Creating a Will is an important process. If you’re like most people, you don’t realize that there are certain things that you should not include in your Will. Some things you can’t include because it’s illegal; others, it’s simply not practical. Here’s a guide identifying what you can’t include when creating a Will.
1. Any property not titled in your individual name.
2. Funeral instructions
3. Federal estate tax planning
4. Certain conditions for receiving a gift
5. Any provisions that involve illegal action
When creating a Will, keep in mind that only property in your individual name is controlled by the Will. So, your Will would include your house, bank account, and investment account so long as it’s in your name alone.
If any of these assets are in joint names with a spouse or anyone else, as is very common, your Will has no control and the asset will go to the joint owner upon your death. This is also true of assets with a beneficiary designation and transfer on death/payment on death provisions. For example, your life insurance policy, naming your daughter as the beneficiary or stocks and bonds with a transfer on death designation, are not controlled by your Will. They follow the instructions of the contract.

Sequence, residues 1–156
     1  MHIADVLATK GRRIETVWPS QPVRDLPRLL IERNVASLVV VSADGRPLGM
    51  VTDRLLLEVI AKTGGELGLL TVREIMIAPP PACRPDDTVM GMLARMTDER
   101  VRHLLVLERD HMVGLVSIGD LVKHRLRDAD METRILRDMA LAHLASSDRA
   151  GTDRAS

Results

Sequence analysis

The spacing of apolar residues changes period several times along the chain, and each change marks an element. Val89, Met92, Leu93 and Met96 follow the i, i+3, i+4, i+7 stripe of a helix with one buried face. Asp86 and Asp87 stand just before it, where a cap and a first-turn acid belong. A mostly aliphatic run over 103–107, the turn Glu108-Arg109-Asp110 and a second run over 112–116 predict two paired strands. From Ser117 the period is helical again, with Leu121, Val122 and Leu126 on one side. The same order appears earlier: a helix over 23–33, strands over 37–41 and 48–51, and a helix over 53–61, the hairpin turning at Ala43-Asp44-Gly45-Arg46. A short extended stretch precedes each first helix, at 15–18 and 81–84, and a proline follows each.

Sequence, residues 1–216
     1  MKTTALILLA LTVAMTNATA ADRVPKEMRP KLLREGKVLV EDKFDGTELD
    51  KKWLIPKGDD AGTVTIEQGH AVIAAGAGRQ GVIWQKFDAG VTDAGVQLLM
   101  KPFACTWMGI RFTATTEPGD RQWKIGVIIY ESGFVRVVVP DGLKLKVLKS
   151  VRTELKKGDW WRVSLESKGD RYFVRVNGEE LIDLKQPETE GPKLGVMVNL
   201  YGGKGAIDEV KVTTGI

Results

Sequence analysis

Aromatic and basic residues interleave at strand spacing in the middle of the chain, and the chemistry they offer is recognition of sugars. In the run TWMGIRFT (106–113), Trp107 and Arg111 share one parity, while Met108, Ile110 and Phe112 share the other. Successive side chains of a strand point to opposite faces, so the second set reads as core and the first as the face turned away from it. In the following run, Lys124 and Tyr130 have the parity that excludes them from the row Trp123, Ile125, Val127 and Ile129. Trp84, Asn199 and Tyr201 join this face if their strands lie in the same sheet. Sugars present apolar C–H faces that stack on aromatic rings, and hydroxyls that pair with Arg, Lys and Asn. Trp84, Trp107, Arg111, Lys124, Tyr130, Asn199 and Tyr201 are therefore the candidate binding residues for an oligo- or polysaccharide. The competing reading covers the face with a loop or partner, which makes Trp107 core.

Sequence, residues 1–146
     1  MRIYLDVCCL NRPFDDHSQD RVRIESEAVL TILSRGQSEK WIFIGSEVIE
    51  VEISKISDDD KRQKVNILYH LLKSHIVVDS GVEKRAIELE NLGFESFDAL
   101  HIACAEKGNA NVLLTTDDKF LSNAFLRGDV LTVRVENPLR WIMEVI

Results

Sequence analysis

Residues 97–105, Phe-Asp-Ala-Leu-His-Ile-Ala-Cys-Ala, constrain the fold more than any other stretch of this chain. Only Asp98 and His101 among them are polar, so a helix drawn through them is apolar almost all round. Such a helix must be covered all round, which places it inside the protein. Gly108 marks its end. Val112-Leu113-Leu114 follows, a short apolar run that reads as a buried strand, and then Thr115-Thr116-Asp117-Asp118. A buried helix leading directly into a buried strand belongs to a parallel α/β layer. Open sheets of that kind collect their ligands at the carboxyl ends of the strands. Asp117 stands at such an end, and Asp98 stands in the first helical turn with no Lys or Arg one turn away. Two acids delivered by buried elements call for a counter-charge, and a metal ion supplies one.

When creating a Will, do not include funeral instructions. This is for the simple reason that funerals and memorial services are typically planned and executed before the Will is reviewed.
When creating a Will, use a Revocable Living Trust for federal estate tax planning. While technically, a Will can incorporate tax planning, it is cumbersome. If you’re going to do that level of estate planning, use a Trust as the center of your estate plan instead of a Will.
When creating a Will, ask your estate planning attorney about any gifts made with conditions. For example, you can’t make provisions that instruct that Sally receives $5,000 only if she marries your son, Sam. These conditions are illegal.
When creating a Will, don’t include provisions encouraging illegal behavior such as “My son, Sam, shall receive my 10 acres of farmland so long as he uses the land to grow poppies for opium.”
It is common to have questions when you are creating a Will. Consult with a qualified estate planning attorney who can guide you as to what to include or not include in your Will.
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